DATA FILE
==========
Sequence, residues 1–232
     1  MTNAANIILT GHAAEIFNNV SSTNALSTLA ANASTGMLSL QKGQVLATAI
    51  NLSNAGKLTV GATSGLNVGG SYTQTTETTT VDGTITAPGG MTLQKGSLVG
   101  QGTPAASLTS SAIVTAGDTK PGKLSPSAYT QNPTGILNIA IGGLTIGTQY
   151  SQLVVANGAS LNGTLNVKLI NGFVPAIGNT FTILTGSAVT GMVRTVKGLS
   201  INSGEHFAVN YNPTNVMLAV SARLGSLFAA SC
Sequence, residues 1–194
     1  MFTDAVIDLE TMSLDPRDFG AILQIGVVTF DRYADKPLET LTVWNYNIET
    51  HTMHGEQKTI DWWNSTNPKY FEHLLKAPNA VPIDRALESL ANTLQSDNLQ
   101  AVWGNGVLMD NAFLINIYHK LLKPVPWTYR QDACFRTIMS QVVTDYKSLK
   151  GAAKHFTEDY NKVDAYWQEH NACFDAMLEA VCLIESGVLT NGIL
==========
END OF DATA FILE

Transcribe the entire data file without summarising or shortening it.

Sequence, residues 1–232
     1  MTNAANIILT GHAAEIFNNV SSTNALSTLA ANASTGMLSL QKGQVLATAI
    51  NLSNAGKLTV GATSGLNVGG SYTQTTETTT VDGTITAPGG MTLQKGSLVG
   101  QGTPAASLTS SAIVTAGDTK PGKLSPSAYT QNPTGILNIA IGGLTIGTQY
   151  SQLVVANGAS LNGTLNVKLI NGFVPAIGNT FTILTGSAVT GMVRTVKGLS
   201  INSGEHFAVN YNPTNVMLAV SARLGSLFAA SC
Sequence, residues 1–194
     1  MFTDAVIDLE TMSLDPRDFG AILQIGVVTF DRYADKPLET LTVWNYNIET
    51  HTMHGEQKTI DWWNSTNPKY FEHLLKAPNA VPIDRALESL ANTLQSDNLQ
   101  AVWGNGVLMD NAFLINIYHK LLKPVPWTYR QDACFRTIMS QVVTDYKSLK
   151  GAAKHFTEDY NKVDAYWQEH NACFDAMLEA VCLIESGVLT NGIL